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  37. ralarcon

    ralarcon Pre-takeoff checklist

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    Did not want to get too complicated , but here you go;

    "Type 1 diabetes, once known as juvenile diabetes or insulin-dependent diabetes, is a chronic condition in which the pancreas produces little or no insulin, a hormone needed to allow sugar (glucose) to enter cells to produce energy. ... Despite active research, type 1 diabetes has no cure. But it can be managed." Mayo Clinic.

    Cheers
     
  38. bflynn

    bflynn En-Route

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    I read the other posts answering this, but want to add to it -

    I'd say it's more accurate to say that A1C measures the degree of diabetes. Diabetes is a disease defined by excessive blood glucose. There is always some glucose in the blood and that glucose binds to Red Blood Cells (RBCs). But, RBCs only last for 3 months. The A1C test then measures the degree to which blood glucose hasb bound to RBCs over the past 3 months. A reading is an average percentage of blood glucose for 3 months, giving a better picture of what a patient's exposure to glucose has been. The A1C reading can also be converted to an average blood glucose level. Given a reading of 6.5, the average glucose was 140 mg/dl.

    6.5 is just the threshold. Someone with a long time reading of 6.4 will suffer about the same effects as someone who is at 6.5
     
  39. eaglepilot

    eaglepilot Pre-takeoff checklist

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    I checked on the G5 online.

    Questions

    Is the sensor sturdy? Does it get in your way during exercise?

    I play hockey a couple of times a week, and usually get bumped around 2-3 times a game (into the boards, knocked down)... Do you think it would stand up in this case?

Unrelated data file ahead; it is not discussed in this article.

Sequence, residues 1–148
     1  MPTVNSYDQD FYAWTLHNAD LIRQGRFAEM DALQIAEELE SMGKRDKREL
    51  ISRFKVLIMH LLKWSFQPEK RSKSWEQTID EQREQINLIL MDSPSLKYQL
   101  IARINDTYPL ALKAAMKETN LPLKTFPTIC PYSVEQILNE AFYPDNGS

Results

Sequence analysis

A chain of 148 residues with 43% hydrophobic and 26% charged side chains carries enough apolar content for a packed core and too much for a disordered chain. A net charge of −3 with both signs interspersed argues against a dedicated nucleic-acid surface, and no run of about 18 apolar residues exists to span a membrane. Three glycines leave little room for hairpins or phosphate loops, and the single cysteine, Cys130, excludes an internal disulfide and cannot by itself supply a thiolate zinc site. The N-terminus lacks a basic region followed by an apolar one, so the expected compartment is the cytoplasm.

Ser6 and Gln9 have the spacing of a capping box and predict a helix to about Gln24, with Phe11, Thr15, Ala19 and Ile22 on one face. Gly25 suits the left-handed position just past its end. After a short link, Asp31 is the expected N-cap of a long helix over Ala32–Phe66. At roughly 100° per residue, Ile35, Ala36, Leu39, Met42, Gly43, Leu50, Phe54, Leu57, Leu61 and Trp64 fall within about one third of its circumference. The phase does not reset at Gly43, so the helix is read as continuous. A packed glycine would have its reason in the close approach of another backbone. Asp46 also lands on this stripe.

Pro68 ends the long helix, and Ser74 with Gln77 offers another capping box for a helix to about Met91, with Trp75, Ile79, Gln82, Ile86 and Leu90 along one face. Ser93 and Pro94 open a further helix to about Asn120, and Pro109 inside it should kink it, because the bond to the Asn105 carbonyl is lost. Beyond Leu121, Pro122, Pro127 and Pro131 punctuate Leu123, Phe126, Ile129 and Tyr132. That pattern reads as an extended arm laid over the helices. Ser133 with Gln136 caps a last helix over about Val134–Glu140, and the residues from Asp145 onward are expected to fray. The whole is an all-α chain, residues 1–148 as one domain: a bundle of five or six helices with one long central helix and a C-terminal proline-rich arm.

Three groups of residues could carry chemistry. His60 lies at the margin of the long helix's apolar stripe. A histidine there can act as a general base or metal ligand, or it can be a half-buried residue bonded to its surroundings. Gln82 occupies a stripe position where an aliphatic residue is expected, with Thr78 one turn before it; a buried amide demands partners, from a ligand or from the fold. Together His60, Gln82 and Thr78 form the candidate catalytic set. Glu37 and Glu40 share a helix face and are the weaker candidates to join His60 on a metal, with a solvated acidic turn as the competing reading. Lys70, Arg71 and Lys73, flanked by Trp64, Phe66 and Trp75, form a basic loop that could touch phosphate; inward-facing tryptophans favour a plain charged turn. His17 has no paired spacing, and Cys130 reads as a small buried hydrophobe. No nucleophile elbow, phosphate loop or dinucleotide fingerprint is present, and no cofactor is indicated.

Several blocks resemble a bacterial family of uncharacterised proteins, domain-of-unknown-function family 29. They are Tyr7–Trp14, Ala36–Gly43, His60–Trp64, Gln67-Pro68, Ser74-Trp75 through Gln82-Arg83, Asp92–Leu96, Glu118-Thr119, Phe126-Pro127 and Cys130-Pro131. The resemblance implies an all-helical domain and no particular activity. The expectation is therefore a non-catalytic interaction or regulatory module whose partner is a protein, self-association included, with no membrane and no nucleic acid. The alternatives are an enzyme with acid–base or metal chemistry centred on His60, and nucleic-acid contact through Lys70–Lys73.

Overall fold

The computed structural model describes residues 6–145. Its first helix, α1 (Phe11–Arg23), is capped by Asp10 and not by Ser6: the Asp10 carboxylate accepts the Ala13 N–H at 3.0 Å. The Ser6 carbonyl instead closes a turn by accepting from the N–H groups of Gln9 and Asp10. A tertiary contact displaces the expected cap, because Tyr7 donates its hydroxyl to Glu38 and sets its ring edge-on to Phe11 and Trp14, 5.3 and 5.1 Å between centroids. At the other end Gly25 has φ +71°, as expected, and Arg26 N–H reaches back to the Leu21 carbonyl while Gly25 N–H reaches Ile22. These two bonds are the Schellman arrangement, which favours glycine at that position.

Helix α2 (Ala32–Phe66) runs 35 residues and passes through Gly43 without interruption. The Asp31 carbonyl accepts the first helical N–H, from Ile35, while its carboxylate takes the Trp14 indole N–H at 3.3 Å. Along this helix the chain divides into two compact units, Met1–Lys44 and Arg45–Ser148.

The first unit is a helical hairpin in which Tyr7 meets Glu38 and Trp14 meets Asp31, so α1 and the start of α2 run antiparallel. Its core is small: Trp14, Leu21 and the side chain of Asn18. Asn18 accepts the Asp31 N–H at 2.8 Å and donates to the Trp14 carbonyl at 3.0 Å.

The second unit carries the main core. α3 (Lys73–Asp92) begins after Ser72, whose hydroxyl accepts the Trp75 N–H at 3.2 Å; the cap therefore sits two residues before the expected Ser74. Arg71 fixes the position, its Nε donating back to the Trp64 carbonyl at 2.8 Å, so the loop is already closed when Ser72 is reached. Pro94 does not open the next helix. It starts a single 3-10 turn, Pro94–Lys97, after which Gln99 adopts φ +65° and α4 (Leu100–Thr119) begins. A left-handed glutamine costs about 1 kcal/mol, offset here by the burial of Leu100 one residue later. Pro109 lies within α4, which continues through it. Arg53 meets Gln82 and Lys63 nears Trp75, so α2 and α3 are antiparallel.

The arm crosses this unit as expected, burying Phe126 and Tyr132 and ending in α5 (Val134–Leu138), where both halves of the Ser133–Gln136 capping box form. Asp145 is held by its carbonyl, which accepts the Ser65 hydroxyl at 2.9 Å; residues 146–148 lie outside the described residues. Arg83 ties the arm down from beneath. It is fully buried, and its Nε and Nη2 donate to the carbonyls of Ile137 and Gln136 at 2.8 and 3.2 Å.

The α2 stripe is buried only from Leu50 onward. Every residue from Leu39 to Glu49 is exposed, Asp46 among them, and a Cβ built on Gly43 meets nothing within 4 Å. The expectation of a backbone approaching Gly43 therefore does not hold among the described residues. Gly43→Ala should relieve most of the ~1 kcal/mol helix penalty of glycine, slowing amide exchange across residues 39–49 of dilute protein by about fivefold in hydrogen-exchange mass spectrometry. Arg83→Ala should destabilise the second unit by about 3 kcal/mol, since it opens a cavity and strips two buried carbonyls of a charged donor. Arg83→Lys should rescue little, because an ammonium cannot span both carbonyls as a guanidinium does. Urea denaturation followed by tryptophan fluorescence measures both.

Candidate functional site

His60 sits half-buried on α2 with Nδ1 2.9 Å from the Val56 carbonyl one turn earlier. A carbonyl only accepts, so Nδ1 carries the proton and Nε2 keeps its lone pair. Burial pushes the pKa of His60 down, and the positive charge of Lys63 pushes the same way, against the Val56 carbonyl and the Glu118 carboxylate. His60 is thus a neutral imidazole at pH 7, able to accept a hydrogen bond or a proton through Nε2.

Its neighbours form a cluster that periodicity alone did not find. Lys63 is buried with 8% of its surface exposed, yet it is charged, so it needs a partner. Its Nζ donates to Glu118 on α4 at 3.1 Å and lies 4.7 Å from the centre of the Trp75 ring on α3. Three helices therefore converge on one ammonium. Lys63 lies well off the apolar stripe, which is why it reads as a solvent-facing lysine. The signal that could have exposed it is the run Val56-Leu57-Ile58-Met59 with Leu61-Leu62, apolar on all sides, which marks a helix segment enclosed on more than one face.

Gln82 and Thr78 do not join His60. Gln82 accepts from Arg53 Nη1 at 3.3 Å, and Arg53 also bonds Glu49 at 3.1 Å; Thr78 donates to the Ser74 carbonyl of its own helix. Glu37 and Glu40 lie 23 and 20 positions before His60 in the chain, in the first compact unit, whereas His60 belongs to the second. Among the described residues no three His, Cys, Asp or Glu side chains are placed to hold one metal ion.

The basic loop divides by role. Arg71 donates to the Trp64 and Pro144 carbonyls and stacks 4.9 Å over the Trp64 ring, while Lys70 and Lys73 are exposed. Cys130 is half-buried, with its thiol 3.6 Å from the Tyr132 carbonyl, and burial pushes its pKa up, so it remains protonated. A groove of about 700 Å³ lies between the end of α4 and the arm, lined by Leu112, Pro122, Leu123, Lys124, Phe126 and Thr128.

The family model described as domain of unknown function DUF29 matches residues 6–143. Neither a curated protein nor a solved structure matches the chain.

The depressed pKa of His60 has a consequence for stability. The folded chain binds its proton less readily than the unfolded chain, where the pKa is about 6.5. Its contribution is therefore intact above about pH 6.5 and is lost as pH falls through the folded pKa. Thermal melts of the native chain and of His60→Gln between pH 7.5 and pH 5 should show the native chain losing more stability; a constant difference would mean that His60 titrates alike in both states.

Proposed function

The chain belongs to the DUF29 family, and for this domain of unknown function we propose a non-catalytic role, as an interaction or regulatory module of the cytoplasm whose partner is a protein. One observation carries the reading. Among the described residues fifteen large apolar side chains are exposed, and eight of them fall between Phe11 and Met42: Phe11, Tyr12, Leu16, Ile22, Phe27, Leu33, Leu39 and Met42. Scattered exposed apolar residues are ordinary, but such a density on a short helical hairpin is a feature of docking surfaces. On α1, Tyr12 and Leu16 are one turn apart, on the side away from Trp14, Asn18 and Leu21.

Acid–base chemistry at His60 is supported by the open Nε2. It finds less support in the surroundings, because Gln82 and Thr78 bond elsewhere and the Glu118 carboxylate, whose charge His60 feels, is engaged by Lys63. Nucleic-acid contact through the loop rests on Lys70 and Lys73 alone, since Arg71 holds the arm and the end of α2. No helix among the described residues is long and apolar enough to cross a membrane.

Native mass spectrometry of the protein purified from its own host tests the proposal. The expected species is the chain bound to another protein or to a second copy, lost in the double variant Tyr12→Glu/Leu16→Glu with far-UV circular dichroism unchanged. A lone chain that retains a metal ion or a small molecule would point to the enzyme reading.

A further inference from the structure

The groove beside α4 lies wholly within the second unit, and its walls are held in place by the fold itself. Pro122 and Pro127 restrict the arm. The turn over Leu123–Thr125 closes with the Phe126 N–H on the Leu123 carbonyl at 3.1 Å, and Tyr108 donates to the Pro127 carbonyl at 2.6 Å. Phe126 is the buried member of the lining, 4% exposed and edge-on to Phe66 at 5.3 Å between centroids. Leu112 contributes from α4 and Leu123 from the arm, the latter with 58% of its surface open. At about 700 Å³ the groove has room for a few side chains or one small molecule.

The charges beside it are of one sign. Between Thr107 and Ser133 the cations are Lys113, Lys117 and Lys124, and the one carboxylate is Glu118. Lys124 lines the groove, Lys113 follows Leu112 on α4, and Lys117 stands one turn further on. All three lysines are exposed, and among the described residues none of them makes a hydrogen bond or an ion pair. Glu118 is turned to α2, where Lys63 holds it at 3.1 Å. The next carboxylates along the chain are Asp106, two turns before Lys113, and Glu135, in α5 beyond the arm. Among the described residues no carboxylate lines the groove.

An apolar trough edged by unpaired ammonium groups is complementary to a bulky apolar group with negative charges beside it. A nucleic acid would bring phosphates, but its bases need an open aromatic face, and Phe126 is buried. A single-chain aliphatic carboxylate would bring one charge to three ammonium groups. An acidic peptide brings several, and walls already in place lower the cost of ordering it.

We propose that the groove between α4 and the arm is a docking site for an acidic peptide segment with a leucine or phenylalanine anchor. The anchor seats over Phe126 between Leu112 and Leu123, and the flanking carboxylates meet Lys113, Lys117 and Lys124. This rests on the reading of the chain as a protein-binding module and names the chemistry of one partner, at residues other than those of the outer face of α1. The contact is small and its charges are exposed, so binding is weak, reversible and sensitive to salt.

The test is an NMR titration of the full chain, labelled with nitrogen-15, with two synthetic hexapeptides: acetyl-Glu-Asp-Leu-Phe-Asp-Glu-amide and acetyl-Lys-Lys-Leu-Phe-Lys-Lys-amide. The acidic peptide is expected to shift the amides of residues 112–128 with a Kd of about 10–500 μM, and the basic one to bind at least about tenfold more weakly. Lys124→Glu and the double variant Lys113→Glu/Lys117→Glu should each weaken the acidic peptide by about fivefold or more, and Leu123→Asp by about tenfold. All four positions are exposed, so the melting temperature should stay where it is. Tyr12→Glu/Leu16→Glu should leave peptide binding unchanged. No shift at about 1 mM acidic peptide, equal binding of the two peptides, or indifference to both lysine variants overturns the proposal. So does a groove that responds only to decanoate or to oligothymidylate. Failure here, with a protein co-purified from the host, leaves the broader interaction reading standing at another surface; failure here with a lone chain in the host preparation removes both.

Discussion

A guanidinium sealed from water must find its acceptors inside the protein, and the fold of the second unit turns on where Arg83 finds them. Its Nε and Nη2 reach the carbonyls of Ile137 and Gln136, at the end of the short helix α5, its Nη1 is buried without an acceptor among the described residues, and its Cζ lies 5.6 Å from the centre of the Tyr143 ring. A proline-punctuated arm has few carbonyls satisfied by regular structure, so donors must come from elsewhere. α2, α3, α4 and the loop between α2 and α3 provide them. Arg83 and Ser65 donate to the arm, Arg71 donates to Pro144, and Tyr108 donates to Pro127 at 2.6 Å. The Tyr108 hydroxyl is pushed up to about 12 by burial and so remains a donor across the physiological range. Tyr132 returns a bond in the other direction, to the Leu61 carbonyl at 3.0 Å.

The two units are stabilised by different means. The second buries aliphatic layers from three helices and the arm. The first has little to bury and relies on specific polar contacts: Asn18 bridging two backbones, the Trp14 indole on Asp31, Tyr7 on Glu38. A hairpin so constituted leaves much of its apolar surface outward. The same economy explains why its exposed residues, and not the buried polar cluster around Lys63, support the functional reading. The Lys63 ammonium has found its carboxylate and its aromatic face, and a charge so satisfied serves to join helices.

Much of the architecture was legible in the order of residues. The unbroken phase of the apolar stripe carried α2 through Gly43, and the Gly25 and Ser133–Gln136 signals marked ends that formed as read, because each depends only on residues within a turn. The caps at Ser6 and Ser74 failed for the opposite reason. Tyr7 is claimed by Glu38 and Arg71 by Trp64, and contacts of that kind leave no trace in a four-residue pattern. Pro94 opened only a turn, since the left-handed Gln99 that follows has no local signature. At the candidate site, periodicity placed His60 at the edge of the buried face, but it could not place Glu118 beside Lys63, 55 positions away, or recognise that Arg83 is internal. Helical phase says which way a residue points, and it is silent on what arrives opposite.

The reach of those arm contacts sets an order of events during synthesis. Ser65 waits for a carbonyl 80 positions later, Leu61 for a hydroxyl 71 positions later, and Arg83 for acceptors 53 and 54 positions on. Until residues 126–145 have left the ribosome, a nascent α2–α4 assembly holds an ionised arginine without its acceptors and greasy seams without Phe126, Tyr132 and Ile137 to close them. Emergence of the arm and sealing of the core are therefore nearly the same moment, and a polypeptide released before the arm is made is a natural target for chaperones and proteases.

Thanks
     
  40. Jeffythequick

    Jeffythequick Pre-takeoff checklist

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    I think the G5 sensor would stand up to that kind of abuse, however, it may not stay attached. There are times when mine will be fine wrestling with an 8 year old, 9 year old, and an 11 year old, but then come off when I slide in my bed (just turning over, it gets caught in the sheets). I've never had one get damaged beyond repair. It's the sensor/transmitter coming out/becoming detached which is the issue for me. Wrapping some tape over it (I mean, all the way around your body/arm/leg/wherever it is inserted) may help with it being pulled out. It's the shearing of the sensor on your body that tends to pull them out.

    I ride my bike for exercise, so there's very little contact then, but I've only worn the sensor on my abdomen. I think that I'll try it on my arms for a while. I've seen other diabetics wear them on their upper arm, so that may be an option for you.

    The G6 transmitter, I hear, will be smaller, so that's something to look forward to as well.